• Toiletries and hair products. Throw away empty bottles or tubes, as well as the ones that have a very small quantity of product left in them. Sometimes, packing and moving inexpensive toiletries may not be worth it because the time you’ll waste packing them and the extra moving expenses they’ll incur may cost you more than purchasing those bathroom products after you move in. If that turns out to be the case, give away or donate some of your hair and body care products, including other toiletries you may have.
  • Packing your medicine cabinet.

    Medicine. Go through your medicine cabinet and properly dispose of any medications that 1) have expired, 2) have illegible or missing labels, 3) seem ineffective, 4) have changed their properties (appearance, smell, taste), and 5) are no longer necessary. Make sure you don’t just throw away or flush the medication you won’t take with you – instead, take it to a local drug store or recycling center for proper recycling.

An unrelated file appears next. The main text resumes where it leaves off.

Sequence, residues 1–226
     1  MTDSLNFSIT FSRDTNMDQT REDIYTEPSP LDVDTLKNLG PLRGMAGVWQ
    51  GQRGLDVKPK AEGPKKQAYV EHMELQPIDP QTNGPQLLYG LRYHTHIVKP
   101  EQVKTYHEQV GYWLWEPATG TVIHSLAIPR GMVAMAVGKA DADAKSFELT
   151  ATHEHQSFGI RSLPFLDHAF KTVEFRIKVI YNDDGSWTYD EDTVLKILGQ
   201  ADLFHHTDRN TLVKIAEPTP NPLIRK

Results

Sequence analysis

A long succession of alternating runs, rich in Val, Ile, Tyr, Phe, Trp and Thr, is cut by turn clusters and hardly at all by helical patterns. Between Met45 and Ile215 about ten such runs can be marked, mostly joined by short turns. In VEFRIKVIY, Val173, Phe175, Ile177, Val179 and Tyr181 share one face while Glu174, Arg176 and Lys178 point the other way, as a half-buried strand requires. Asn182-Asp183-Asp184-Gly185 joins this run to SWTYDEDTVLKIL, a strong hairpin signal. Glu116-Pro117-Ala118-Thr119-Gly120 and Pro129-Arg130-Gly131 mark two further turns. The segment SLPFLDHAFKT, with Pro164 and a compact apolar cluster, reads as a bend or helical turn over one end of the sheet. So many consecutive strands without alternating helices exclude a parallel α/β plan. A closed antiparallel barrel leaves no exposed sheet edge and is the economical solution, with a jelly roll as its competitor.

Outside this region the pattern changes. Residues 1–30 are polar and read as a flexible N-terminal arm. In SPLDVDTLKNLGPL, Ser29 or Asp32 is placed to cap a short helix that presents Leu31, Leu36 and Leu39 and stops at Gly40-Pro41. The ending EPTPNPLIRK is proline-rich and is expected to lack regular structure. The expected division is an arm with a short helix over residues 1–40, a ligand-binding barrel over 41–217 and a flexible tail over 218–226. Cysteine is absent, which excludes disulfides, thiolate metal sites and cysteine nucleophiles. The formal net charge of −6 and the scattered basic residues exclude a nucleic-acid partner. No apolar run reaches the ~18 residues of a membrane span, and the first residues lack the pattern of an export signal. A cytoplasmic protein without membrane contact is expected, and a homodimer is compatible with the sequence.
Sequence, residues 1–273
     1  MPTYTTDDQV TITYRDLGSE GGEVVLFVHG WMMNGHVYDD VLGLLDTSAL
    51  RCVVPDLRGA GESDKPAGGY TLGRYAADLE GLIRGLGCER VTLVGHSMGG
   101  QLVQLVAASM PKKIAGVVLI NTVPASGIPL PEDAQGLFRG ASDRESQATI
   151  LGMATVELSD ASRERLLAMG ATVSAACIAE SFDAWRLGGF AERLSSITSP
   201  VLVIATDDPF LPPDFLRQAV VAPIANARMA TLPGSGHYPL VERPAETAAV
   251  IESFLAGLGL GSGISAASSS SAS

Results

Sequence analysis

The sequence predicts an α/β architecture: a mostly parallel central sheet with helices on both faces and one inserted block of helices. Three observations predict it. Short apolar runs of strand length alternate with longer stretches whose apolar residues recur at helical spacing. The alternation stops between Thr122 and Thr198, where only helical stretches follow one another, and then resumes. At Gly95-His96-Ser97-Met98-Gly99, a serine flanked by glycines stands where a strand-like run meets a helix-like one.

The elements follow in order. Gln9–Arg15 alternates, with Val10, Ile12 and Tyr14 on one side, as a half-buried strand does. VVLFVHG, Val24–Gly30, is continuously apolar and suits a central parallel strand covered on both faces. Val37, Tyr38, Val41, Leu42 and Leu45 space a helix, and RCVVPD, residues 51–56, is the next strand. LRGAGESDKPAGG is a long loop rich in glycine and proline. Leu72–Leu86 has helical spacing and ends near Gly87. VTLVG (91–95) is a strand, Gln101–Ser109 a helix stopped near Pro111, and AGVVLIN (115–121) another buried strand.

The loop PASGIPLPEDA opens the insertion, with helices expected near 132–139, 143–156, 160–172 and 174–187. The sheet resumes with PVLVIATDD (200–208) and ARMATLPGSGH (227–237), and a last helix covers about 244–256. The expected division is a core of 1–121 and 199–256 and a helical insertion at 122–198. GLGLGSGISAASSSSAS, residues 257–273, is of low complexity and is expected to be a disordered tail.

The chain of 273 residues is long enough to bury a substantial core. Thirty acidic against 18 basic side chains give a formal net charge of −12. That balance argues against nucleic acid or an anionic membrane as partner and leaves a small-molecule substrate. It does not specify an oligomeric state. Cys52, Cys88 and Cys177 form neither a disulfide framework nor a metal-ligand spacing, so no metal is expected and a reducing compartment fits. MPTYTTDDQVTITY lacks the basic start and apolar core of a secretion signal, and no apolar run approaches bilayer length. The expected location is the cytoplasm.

• Towels and linens. Examine your bathroom towels, bathrobes and shower curtains to check whether or not they are too worn out to be moved to the new home’s bathroom. Any towels or rags you’re not moving can be used for cleaning your home, including the bathroom, prior to moving out.
  • Cleaning supplies and other chemicals. Cleaning supplies fall into the category of non-allowable items – that is, items forbidden for transportation due to their hazardous nature. While professional movers will not move any cleaning supplies for you, you can still take some of them with you in your personal vehicle as long as they are made perfectly safe for transport.

Stage 3. How to pack your bathroom for moving (8 steps)

To effectively pack your bathroom, you’re advised to complete the previous two stages first – 1) sorting and 2) purging your bathroom items.